Inside the family in Chechen Culture
Respect of elders. Every Chechen family, without a single exception, respects and cares about the elder generations of its members, in particular about the parents.
Parents usually live together with one of their sons. A good daughter-in-law kicks off the day tidying up the in-laws’ part of the house. Free from this, she may attend to other matters. The first thing the sons do when getting back home in the evening, is to go to see the parents, to talk and to share with them the day’s joys and sorrows.
It is not only their children but all other members of the family who take care of the old couple. Grandfathers are usually called “big fathers,” and grandmothers, just “mothers,” in Chechnya. Children may sometimes disobey their mothers. They will be forgiven for this. But it is absolutely inadmissible to disobey a grandfather, a grandmother or some other representative of the older generation of the family members or neighbors.
Only an ill-mannered person will remain seated in the presence of elder people or will sit down without a repeated request from his seniors. It is inadmissible to drink alcohol in the presence of one’s parents or any other older relatives. One should watch his manners and cannot raise his voice in a conversation with an older person.
If the parents live separately from their sons, the children are especially attentive to them: the best food shall, for example, be given to the parents. It is an old tradition of the Chechen countryside that the parents live in a separate small house built for them by their children, right by the wall of the children’s house. The children try to create the most comfortable conditions for the parents and meet all the requirements of the old age.
Relations between family members. Most Chechen families are big. Several brothers usually live, together with their families, in the same village or even on the same plot of land. They observe the age-old rules of conduct in family relations.
Conflicts and quarrels between their children or womenfolk are settled by the eldest male or female member of the family.
If someone has hurt the feelings of her children, the mother of the family should make no complaint to her husband. She may, under the worst of the circumstances, appeal to either of the husband’s relatives, but it is bad manners to pay attention to children’s quarrels, grudges and tears.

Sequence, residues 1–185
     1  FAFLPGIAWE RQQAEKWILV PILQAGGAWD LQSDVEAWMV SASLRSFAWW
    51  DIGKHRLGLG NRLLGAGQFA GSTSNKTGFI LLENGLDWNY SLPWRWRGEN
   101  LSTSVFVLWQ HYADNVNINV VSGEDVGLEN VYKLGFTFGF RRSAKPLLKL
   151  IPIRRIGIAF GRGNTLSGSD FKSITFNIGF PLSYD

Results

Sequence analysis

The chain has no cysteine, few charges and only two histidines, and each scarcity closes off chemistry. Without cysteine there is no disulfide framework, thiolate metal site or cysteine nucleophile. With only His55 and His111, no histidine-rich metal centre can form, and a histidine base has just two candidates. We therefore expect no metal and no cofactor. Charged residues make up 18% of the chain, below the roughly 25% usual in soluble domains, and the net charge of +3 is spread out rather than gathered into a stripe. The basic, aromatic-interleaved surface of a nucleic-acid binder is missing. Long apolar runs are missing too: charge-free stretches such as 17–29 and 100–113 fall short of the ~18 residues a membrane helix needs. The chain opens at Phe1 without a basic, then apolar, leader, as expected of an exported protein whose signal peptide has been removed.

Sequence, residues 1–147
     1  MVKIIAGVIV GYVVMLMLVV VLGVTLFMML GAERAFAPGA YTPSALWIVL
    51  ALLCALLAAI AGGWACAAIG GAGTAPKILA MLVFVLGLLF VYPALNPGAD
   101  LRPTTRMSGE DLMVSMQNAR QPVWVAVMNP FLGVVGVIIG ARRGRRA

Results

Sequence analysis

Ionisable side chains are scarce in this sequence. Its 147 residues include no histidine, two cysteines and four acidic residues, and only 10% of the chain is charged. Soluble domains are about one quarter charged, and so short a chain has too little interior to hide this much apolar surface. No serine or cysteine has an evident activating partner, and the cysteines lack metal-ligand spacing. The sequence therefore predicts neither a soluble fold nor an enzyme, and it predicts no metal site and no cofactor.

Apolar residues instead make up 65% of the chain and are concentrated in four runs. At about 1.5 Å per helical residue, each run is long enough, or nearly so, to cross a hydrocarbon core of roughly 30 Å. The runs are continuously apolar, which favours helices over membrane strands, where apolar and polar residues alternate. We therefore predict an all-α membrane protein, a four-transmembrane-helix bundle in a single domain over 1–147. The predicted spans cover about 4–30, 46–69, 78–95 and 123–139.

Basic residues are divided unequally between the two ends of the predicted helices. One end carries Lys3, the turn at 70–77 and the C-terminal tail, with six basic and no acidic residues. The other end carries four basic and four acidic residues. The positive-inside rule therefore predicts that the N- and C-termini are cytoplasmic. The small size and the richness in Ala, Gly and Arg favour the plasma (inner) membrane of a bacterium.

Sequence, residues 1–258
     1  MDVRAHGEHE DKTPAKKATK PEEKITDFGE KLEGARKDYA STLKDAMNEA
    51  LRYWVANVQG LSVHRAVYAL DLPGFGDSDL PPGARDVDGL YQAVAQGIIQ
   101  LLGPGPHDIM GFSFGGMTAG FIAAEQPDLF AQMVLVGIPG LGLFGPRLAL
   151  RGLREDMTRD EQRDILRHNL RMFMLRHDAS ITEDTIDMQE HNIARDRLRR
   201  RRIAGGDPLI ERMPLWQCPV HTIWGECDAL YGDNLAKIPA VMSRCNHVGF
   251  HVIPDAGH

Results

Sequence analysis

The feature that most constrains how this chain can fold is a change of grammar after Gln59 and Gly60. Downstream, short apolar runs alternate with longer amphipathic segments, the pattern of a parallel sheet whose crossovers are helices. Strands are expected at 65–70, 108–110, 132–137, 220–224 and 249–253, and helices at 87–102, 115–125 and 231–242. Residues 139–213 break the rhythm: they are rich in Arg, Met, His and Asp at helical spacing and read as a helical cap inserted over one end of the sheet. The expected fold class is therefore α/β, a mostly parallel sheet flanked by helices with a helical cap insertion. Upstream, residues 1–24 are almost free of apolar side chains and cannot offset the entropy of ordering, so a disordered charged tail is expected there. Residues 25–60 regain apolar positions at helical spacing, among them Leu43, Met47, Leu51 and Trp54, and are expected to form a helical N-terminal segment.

Chechen children know their uncle will be the first to meet a request or come to their aid. An uncle would rather tell his own offspring to leave him alone. But he will never leave unheeded a nephew’s or a niece’s request.
The older members of a family feel responsible for the well-being of the younger generation. The younger generation feel responsible for the elders. The elders are responsible for the consolidation of family relations. The parents must do their best for accord and understanding in their sons’ families. They must be very considerate to their daughters-in-law. The father-in-law must avoid hurting his daughters’-in-law feelings: they should not see him undressed and he may not drink alcoholic beverages when either of them is around.
Family honor. The Chechens are accustomed to put the merits and shortcomings of an individual on the family bill. If someone has done wrong, the faces of his numerous relatives “will darken,” and the whole family will go around with bowed heads. If someone has done well, people say that “nothing else could be expected from a member of that fine family,” or that “the son of such a father could not behave in a different way.”
Children brought up in the spirit of the family tradition are competitive-oriented. They want to be “yakh,” that is “better than anyone.” Their elders insist that they should be “yakh, that they should under no circumstances be worse than their playmates.” They should neither let others hurt a weaker being nor be the first to start a fight.